By Stanford Conway
After some 10 years of dormancy the St. Kitts National Youth Council, under a new name – Sugar City Youth In Action (SCYIA) – is back on track.
SCYIA was officially launched two Saturdays ago in McKnight outside the building which formerly housed the Women’s Training Centre.
According to the youth organisation’s Public Relations Officer (PRO) and Adviser, Mutryce Williams, the building would now be used as SCYIA’s headquarters after some minor repairs, which would be funded by the Peace Corps and the AIDS Project, BITE, among others.
The event also realised the launching of the organisation’s Strategic Plan for 2005-2010, which includes Vision for the SCYIA, Reports on initiative to revive the St. Kitts Youth Committee, Excerpts from National Youth Policy, Crime and Socialisation, Education, Health and HIV/AIDS, Economics and Employment, Youth Adult Partnerships and a number of developmental projects.
The PRO intimated that in keeping with the Copenhagen Youth Declaration adopted at the World Summit on social development, the World Programme for youth to the year 2000 and beyond, endorsed by the United Nations General Assembly in November 1996, the remaining members of the Steering Committee for the National Youth Council recommended that a recommitment be made towards the re-establishment of the NYC.
She noted that the NYC should be the collective voice of young people in St. Kitts and must include all regardless of sex, race, religious beliefs, geographical location, occupation or political preference and, “the Steering Committee should represent the wide range of diverse youth in St. Kitts.”
The PRO said that despite the annual EC$5,000 the Government would give in support of the NYC, the organisation would still be faced with several challenges including mobilisation of resources.
She suggested that the Government and all other social partners should commit themselves to providing adequate office space, which was already acquired, and at least one paid officer to perform administrative duties.
In delivering the feature address, Assistant Secretary of International Trade Deidre Daniel urged the executive body of the SCYIA to seek ways in widening the organisation’s membership.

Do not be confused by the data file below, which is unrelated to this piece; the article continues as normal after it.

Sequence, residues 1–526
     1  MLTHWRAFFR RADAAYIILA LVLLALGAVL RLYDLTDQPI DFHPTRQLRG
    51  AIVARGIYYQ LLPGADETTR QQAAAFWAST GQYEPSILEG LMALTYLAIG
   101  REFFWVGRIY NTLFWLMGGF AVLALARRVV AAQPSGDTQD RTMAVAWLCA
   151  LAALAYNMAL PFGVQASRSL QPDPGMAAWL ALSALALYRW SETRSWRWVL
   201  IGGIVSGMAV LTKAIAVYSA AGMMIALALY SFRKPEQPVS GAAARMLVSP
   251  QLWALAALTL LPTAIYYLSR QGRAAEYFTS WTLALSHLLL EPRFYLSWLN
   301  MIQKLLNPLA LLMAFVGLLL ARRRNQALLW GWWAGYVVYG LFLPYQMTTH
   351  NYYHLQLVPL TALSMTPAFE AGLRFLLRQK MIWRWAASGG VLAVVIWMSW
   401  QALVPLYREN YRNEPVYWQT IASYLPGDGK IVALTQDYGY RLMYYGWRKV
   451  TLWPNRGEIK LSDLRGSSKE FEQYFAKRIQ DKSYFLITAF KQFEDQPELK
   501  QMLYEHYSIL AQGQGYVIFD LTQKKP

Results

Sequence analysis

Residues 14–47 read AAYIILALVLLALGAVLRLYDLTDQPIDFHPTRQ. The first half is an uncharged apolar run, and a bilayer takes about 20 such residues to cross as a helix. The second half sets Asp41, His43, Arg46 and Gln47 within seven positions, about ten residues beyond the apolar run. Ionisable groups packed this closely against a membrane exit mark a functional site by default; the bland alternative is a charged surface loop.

“With Regional Integration on our doorsteps, St. Kitts and Nevis and other Caribbean nations will be now embracing new cultures, ideas and residents. It is by this end that I urge the new executive of the council to look into the widening of our membership structure.
“Bear in mind, from next year, we will not only be representing Kittitian youth but young talented Caribbean citizens, who operate under the CSME. It is my belief that they too must have a national body representing their issues and challenges. Therefore, membership to all non-nationals to the council with the full right of voting at general and annual meetings of the council would indeed be a proactive step,” Daniel said.
The former Federation’s CARICOM Youth Ambassador and youth development advocate opined that 2006 would be a prosperous but challenging year for the council and advised that the organisation’s agenda should seek to address specific needs and issues confronting the nation’s youth.
“More than ever before in the council’s history,” she added, “it is now faced with the challenge of ensuring that the youth of St. Kitts and Nevis are adequately represented at the highest level of voluntary service, at a time where phenomena such as globalisation, trade liberalisation and an ever-growing global moral decline affect the very traditional and patriotic way of life we as Kittitians and, by extension, CARICOM citizens have become accustomed to enjoy.”
Daniel further urged the council to address the dilemma of the dying love for volunteerism in St. Kitts, noting that it would be an arduous task without foot-soldiers working on the ground, addressing the social and economic needs of the nation’s youth.
She advised that the strengthening of existing community groups should be high on the agenda to combat that situation, by hosting a series of monthly comprehensive institution/community building programmes ranging from public speaking and information technology courses to economic empowerment and global market preparedness.
The Assistant Secretary of International Trade also suggested that the church should be called upon to join in the fight for the holistic development of the nation’s youth.
“We, as young people, believe we cannot do it alone and the church must take up its role as the premier spiritual institution in St. Kitts. Lest we forget that if God has given you a task to accomplish and it has been neglected, an account has to be given,” Daniel said.
She commended the council for its initiative and advised its members to always be at the forefront of ensuring that the concerns and aspirations of the nation’s youth were championed.
“You are and must be the voice of this country’s young people,” declared Daniel.
Among the small gathering that attended the launching ceremony were the Minister of National Security, Immigration, Justice and Labour, the Hon. Dwyer Astaphan, and Director of Youth Jeffrey Hanley.